Right after the announcement of his resignation, Pope Emeritus Benedict XVI reflected on the role of Peter at the Transfiguration. The lesson of the Transfiguration is the primacy of prayer and communion, the center of all activity. All this comes prior to activity. Contemplative religious are witnesses to this hierarchy. On this Feast of the Transfiguration, let us not lose sight of this ordering. Here is part of the Pope’s address:
Peter’s words “Master, it is well that we are here” represent the impossible attempt to put this mystical experience on hold. St Augustine commented: “[Peter]… on the mountain… had Christ as the food of his soul. Why should he have to go down to return to his hard work and sorrows while up there he was filled with sentiments of holy love for God and which thus inspired in him a holy conduct? (Sermon 78,3: pl 38, 491).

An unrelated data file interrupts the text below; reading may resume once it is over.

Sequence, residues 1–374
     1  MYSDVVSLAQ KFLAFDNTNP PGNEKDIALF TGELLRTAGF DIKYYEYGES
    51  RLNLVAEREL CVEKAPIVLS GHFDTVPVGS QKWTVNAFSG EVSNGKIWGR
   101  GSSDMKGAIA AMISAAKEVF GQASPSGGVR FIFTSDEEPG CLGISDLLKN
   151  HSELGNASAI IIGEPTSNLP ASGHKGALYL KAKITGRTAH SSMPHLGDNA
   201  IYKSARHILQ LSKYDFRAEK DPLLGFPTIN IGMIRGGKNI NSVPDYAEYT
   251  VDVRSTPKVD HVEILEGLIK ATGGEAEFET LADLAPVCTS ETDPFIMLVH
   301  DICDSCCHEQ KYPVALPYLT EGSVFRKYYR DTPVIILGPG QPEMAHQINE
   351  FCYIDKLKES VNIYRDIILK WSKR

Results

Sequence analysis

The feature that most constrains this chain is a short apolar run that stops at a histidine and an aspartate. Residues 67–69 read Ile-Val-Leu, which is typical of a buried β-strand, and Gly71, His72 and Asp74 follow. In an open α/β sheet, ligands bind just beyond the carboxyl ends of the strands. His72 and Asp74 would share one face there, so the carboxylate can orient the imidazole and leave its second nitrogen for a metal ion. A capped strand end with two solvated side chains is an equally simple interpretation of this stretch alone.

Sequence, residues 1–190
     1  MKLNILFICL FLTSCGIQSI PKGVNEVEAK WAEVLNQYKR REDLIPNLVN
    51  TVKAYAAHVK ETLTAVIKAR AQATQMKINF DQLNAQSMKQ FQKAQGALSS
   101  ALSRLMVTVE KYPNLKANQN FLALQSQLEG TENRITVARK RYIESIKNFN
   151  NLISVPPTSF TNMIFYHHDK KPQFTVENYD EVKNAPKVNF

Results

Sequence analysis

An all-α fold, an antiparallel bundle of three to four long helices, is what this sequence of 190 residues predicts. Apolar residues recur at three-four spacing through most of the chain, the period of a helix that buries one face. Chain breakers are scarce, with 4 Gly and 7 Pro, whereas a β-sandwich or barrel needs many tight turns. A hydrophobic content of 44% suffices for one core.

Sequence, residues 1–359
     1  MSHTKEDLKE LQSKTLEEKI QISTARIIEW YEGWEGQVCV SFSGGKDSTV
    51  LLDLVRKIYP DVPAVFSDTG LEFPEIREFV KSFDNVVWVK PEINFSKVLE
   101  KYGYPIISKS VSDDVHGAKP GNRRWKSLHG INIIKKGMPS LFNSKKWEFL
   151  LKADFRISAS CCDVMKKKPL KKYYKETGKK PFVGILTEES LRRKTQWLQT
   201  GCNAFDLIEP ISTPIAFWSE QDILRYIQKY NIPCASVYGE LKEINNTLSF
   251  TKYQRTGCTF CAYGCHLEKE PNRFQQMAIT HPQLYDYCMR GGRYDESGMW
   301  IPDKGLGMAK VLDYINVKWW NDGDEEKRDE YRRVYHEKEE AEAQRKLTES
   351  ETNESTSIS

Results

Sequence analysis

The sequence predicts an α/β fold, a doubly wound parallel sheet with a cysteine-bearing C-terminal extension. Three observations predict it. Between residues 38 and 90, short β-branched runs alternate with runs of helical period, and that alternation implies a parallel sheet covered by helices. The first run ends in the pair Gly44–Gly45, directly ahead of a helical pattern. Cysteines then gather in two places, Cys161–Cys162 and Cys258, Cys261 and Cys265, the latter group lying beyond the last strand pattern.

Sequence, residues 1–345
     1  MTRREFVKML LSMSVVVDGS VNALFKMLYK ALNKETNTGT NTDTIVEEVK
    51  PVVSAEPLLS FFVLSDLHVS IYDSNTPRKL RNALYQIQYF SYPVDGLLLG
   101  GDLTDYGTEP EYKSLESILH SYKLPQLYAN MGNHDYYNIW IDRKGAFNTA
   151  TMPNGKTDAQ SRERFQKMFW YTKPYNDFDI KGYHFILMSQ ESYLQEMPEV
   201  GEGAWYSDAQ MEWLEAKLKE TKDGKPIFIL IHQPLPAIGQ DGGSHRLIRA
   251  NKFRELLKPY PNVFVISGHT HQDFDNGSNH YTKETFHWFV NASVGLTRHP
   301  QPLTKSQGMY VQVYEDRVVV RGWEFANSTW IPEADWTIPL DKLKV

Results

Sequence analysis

In meditating on this passage of the Gospel, we can learn a very important lesson from it: first of all, the primacy of prayer, without which the entire commitment to the apostolate and to charity is reduced to activism. In Lent we learn to give the right time to prayer, both personal and of the community, which gives rest to our spiritual life. Moreover, prayer does not mean isolating oneself from the world and from its contradictions, as Peter wanted to do on Mount Tabor; rather, prayer leads back to the journey and to action. “The Christian life”, I wrote in my Message for this Lent, “consists in continuously scaling the mountain to meet God and then coming back down, bearing the love and strength drawn from him, so as to serve our brothers and sisters with God’s own love” (n. 3).